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June 2, 2005

My Own Private Screening Room

Nick at Digital Poetics explains that he is "left cold" by watching movies on the web, adding that the experience is often solitary, quite unlike "public" theater screenings associated with going to the movies. Nick wonders about the "pleasures of web cinema," and implies that much is lost without the theatrical experience (and given how often I go to see movies on the big screen, I must have some affinity with Nick on this point). I also spent a fair amount of time thinking about these issues a few months ago when I was writing my media horror article (still in publication limbo), which seeks to trace out how these horror films narrativize the move towards home screenings. I think it's well worth asking how our viewing habits might be changing (although I still think it's too easy to blame computers for declining movie attendance).

Like Nick, I'm aware of the qualifications here. Moviegoing has changed considerably over teh last one hundred years. Plus, as Isabel Cristina Pinedo observes, darkened movie theaters are only "semipublic" spaces, with audience interaction often constrained by the spatial arrangement of seats as well as pre-movie requests for silence. I'd also note that watching movies distributed online doesn't preclude the possibility of watching them with an audience, as the grassroots distribution of Robert Greenwald's films implies, but of course, that's the exception, not the rule, but it does illustrate what I believe is a desire for some form of public participation or dialogue that isn't fulfilled by wtaching the same movies at home. Ernest Miller suggests that we "have to get video content on the internet off the computer screen and onto the big screen in the living room," but moving the screen from one room to another in the same house (or apartment) won't, by itself, sustain the public quality of moviegoing that I find so valuable.

There are other pleasures associated with web cinema. Nick observes that "watching a movie on the web lays bare its tricks," adding that a viewer can "easily click to another web page if I'm bored, or it loads too slowly, or the sound is bad." But in my experience, this is potentially one of the more interesting pleasures of web cinema (maybe not the slow download time). For me, there's still a certain amount of pleasure in watching a film online that exposes these glitches, in part because it makes me more aware of the craft that went into the making of the film, the fact that it was made, whereas most Hollywood films do their best to hide that very fact, at least in the initial theatrical experience. Encountering these "glitches" still gives me the sense of discovery, that I've found something that others haven't.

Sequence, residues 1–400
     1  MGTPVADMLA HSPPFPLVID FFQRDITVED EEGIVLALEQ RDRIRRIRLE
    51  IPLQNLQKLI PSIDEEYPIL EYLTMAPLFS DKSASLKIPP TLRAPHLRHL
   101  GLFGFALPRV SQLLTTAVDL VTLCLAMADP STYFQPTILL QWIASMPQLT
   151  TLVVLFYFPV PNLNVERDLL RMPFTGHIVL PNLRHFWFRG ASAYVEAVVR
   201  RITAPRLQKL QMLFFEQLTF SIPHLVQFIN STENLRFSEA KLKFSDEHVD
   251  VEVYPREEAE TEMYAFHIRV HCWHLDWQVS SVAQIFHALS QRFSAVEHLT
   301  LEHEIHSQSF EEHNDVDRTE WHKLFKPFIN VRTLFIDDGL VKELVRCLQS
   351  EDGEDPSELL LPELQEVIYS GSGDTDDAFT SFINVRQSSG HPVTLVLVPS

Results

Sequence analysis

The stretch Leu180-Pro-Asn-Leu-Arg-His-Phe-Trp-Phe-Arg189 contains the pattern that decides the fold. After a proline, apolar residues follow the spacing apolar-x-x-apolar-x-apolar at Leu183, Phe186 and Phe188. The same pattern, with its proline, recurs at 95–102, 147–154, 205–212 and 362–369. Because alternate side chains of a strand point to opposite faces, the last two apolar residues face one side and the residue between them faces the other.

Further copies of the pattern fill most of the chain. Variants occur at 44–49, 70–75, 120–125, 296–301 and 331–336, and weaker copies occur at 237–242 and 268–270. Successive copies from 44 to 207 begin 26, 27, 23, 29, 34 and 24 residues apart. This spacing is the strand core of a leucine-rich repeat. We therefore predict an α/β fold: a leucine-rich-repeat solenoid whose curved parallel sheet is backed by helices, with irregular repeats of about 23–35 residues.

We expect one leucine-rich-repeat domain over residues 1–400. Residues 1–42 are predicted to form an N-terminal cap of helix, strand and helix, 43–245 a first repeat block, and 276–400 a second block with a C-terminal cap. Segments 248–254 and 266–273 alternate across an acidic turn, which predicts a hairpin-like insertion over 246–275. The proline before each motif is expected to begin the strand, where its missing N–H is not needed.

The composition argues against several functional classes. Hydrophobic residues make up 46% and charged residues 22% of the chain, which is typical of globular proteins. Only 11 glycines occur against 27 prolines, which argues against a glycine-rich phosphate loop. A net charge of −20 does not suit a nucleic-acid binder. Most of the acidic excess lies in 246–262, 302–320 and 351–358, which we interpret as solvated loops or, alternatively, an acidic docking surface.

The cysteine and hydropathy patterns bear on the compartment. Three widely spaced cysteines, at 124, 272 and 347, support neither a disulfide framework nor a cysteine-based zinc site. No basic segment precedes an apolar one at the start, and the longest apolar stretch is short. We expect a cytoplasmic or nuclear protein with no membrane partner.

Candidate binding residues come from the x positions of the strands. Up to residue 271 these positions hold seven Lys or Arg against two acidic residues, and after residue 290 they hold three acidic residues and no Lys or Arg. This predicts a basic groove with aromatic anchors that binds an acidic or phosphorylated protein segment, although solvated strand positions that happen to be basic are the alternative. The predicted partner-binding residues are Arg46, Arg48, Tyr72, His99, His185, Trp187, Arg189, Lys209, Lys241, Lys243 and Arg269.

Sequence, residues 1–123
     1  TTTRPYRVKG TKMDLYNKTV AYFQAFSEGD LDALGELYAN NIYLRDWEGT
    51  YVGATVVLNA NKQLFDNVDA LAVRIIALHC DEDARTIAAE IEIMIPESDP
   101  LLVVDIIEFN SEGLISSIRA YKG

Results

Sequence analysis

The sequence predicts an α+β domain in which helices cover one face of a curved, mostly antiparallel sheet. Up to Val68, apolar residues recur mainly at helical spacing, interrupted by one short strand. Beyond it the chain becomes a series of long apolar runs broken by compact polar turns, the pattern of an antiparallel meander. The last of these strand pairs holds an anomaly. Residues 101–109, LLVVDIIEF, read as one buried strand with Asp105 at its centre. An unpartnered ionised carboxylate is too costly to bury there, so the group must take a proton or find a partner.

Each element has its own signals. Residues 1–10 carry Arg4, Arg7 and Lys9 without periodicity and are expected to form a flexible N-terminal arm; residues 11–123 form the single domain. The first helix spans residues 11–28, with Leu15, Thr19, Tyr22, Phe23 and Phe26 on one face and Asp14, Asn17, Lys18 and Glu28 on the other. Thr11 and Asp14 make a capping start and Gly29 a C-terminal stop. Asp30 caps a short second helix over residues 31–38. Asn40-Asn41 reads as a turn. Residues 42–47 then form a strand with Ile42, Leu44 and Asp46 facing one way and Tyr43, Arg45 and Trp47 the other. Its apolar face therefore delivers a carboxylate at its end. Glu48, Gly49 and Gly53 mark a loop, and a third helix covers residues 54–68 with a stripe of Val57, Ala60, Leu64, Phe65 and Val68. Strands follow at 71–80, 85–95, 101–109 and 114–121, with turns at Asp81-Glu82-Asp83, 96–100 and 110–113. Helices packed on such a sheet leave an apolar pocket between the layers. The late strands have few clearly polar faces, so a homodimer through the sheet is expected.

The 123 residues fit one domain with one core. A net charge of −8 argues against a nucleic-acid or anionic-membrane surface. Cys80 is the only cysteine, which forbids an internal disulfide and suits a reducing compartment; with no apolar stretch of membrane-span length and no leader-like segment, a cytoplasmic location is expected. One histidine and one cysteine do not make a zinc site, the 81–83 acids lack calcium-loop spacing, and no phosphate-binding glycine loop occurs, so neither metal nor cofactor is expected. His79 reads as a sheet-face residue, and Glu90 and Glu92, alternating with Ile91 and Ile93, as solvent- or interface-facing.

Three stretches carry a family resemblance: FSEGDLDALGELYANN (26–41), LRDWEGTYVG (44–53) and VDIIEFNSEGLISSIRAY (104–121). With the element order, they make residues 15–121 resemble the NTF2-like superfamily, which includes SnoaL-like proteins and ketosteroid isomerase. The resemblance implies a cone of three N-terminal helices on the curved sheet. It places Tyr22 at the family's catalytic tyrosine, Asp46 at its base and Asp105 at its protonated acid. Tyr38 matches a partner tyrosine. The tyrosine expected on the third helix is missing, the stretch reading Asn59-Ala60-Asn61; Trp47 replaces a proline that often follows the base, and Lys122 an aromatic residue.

I do think that Nick is right to imply that certain aspects of the moviegoing experience as we know it now will soon appear to be historically contingent (let's hope that's the case for The Twenty), but of course, a blog entry is too small a space for me to speculate on this topic any further (plus I need to run to the post office before it closes).

Posted by chuck at June 2, 2005 2:47 PM

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I very much like what you say, Chuck, about the pleasures of discovering the "glitches" of web video---as you say, "the sense that I've found something that others haven't." This is one of the attractions, maybe, of microcinema. Your suggestion that certain movies--horror films and others--"narrativize the move toward home screenings" is intriguing. Perhaps the problem isn't that movies don't look good on micro screens, but that they are still made for the big screen, and don't translate well to smaller screens. I wonder of the next generation of filmmakers--at least those who make content for smaller screens--will make aesthetic choices about frame composition, pacing, length, etc. based on their awareness of the new medium that will distribute their content...?

Posted by: Nick at June 3, 2005 10:09 AM

Nick, you've articulated what I only implied. I think we will see filmmakers making films for microscreens (and that, to some extent, that practice alreay exists), their choices informed by the medium that will distribute their content.

Posted by: Chuck [TypeKey Profile Page] at June 3, 2005 11:55 AM

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